Mobley, M. L., Kruse, A. S., & McNickle, G. G. (2022). Pisum sativum has no competitive responses to neighbors: A case study in (non)reproducible plant biology. Plant Direct, 6( 10), e411. https://doi.org/10.1002/pld3.411
Date of this Version
Bayesian hierarchical analysis, below ground competition, meta-analysis, pisum sativum, plant-plant competition, reproducibility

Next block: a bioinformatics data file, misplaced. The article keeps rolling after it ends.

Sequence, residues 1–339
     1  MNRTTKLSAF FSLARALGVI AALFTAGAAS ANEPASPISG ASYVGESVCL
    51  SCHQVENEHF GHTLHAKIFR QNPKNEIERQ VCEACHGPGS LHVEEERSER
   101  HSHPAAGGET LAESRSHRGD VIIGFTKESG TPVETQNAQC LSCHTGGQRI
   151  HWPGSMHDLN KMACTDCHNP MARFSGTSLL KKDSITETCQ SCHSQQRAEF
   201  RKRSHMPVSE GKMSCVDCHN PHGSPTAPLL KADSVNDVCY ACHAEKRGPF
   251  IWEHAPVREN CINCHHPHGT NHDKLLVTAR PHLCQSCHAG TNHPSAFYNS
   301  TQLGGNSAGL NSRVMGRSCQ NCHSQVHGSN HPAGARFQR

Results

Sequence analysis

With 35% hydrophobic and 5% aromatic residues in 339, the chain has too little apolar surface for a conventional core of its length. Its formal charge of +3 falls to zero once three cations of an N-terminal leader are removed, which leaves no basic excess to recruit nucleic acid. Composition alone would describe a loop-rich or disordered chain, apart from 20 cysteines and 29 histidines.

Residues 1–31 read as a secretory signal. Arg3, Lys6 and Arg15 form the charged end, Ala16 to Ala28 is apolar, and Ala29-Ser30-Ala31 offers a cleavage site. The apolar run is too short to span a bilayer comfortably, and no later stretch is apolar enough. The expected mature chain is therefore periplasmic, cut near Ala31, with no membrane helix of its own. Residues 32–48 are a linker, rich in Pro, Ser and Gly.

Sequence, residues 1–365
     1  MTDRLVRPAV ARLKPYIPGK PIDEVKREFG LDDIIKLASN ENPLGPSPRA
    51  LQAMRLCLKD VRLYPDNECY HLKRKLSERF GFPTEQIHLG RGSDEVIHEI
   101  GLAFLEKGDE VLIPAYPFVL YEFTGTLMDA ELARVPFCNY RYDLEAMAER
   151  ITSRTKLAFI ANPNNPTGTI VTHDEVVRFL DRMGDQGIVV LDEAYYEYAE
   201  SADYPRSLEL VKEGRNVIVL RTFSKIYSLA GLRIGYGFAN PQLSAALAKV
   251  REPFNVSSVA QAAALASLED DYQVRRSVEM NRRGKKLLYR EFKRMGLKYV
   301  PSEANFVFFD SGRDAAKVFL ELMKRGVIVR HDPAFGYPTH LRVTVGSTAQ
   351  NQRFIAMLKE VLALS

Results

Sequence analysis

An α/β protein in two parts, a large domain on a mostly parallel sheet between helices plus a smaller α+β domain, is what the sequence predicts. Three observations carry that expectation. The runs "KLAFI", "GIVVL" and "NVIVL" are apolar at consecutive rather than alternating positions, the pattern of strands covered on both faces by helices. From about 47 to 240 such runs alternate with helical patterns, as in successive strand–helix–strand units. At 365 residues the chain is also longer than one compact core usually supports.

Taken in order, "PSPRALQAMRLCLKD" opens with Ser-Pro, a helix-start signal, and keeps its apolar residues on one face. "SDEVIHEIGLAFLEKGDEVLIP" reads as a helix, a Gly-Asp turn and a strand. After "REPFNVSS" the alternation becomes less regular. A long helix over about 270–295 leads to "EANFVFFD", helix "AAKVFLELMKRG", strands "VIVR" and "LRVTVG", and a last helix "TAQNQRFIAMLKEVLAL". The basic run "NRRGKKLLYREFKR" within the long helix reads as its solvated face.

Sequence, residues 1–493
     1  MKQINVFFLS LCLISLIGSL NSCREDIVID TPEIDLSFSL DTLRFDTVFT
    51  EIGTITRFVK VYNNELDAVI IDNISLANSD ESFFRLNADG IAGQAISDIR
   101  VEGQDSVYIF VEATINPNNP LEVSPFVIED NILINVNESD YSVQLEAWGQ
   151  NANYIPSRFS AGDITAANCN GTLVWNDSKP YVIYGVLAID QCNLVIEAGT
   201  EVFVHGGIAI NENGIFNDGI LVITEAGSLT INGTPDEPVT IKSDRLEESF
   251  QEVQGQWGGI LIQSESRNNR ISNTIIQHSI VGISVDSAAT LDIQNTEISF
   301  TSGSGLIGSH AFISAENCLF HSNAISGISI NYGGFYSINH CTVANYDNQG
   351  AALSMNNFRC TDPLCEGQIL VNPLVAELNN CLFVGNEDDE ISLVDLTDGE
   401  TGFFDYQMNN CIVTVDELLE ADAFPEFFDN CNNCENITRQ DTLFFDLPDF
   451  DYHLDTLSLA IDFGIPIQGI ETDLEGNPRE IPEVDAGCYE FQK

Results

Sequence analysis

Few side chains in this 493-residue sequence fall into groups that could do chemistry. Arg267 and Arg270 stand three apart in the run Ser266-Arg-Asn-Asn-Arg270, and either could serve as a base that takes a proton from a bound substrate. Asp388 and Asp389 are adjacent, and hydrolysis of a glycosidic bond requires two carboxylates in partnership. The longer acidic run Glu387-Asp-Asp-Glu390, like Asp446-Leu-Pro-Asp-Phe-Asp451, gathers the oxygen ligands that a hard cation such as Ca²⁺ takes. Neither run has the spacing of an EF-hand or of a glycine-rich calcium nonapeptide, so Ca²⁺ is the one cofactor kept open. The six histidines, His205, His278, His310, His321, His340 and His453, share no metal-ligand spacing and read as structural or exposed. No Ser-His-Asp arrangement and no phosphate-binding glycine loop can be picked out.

Plant–plant competition is ubiquitous in nature. However, studying below ground behavior of roots has always posed certain difficulties. Pea (Pisum sativum L.) has become a common study species for questions about how plant roots respond to neighboring plant roots and barriers in soil. However, published results point in several different directions. This has sometimes been interpreted as pea having sophisticated context dependent responses that can change in complex ways depending on its surroundings, but it could also just point to small statistical power resulting in type I or II statistical errors. To explore this further, here, we combine the result of five new experiments with published results to examine 18 unique experiments from 10 different studies and 6 cultivars of pea for a total of 254 replicate plants. We used a Bayesian hierarchical meta-analysis approach to estimating the likely effect size from the available data, as well as quantify heterogeneity among different experiments, studies and cultivars. The posterior distributions show that, at the coarsest possible scale of total root production, it is unlikely that P. sativum root growth is influenced by either neighbors or pot volume that varies primarily by depth. We find no evidence of publication bias and conclude that this is simply due to statistical sampling error and the scientific method combined with frequentist statistics operating as intended. We suggest that further work on pea should consider repeating experiments that reported finer scale root plasticity at the rhizosphere scale or consider exploring different pot geometries such as volume that varies by depth or width. We also suggest that more diversity in study species are needed to better understand the neighbor-volume response.